Don’t be blind to the dangers of window cover cords

This announcement is for: 
ConsumerProduct safety

With Acting Commissioner for Consumer Protection David Hillyard

Tragically, between one and two children die in Australian homes every year as a result of blind or curtain cords that don’t comply with safety standards causing choking or strangulation. There are similar deaths occurring regularly across the world.

That’s why Consumer Protection WA recently joined fellow Australian and international regulators for an OECD global campaign to again raise awareness of the dangers associated with internal corded window coverings.

Fortunately we have not had a death in WA since 2006 but that is no reason to be complacent as Princess Margaret Hospital alone has had five children present with cord related injuries since 2012. This tells us the danger still lurks in some homes.

Following that last WA fatality, Consumer Protection worked with the group, Parents for Window Blind Safety, which was formed by the grandfather of the deceased child, to raise awareness and educate the community about the danger of curtain and blind cords to young children.

The group contributed to the introduction of mandatory safety standards on the sale of internal window coverings from 2010, with their work also recognised with a Consumer Protection Award in 2012 in partnership with Kidsafe WA.

In January 2015 a separate regulation relating to installation services of window coverings also came into effect. If installers do not follow the mandatory safety standards when installing blinds/curtains, the installer is required to rectify the work at no cost under the Australian Consumer Law.

Consumer Protection can take complaints about and prosecute suppliers and installers who do not follow the product safety standards.

Landlords of rental properties need to be especially vigilant of curtain and blind cord safety because under the Residential Tenancies Act, they are required to ensure all aspects of the premises comply with laws relating to buildings, health and safety.

Product safety laws for internal window coverings have applied in Western Australia since 23 January 2004, so landlords need to ensure blind/curtain cords and chains supplied after this date meet the national product safety requirements, and any bought and installed before then, are safe for children.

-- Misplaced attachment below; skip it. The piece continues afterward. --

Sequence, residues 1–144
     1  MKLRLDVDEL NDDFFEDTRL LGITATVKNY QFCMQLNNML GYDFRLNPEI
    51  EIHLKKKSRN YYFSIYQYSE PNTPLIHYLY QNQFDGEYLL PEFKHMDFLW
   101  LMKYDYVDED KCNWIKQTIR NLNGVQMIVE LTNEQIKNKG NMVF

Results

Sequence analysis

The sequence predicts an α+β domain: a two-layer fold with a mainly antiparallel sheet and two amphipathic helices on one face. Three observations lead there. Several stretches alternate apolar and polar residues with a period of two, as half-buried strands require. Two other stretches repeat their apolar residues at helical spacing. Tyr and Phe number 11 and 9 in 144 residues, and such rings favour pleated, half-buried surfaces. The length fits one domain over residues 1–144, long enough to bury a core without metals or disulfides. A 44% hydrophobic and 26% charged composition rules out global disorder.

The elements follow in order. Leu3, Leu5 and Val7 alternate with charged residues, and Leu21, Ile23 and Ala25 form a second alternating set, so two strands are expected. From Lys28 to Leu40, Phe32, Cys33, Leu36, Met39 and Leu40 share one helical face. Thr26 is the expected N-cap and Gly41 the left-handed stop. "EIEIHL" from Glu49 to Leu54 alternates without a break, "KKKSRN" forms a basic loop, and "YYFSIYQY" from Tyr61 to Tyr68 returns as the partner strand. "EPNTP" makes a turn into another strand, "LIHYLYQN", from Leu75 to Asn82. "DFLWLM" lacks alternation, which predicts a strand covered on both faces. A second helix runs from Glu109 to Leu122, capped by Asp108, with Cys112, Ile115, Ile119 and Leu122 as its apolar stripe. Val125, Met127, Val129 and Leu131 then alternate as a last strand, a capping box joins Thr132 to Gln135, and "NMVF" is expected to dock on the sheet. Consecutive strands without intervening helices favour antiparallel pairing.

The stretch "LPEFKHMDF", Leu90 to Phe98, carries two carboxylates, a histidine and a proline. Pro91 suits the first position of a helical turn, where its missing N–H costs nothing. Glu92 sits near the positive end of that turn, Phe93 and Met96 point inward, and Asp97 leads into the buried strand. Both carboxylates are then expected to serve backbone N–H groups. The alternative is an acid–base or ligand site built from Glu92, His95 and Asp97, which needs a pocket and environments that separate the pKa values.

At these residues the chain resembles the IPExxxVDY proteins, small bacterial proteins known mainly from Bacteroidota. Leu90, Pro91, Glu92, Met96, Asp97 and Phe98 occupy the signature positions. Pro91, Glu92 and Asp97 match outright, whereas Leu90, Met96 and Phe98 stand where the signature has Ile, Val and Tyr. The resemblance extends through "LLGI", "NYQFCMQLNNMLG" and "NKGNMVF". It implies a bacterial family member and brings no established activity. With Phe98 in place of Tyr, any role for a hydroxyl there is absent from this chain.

Under common law, landlords also have a duty of care to tenants and those who might visit the property, so they must ensure the premises are safe.

If a child dies or is injured in a rental property as a result of a blind/curtain cord or chain injury, the landlord could be sued for negligence. Even if the tenants do not have children a court could consider it was reasonable to expect the tenants may have children visiting the home.


  • Check every room to make sure loose or looped blind cords are fixed out of reach so that children are not in danger. Install a tie-down/cleat (cheap and available at hardware stores) at least 1.6 metres above the floor, or a cord guide/tensioner that would not come out if significant force was put on the cord.
  • Make sure children can’t reach from their cot, highchair, or playpen or climb on chairs, boxes etc. to reach blind cords.
  • Don’t just check cords in your own home but also when you are visiting people or staying in holiday accommodation. If they’re not secured, secure them or put them well out of reach.
  • When buying new blinds, consider the safer option of a wand rather than a cord.


Further information for industry and consumers can be found at

Enquiries about blind cord safety concerns can be made by calling Consumer Protection on 1300 30 40 74 or by email

Commissioner for Consumer Protection David Hillyard
Commissioner for Consumer Protection David Hillyard, by CP Media
David Hillyard, Acting Commissioner, by CP Media


Consumer Protection
Department News
04 Jul 2016

Last modified: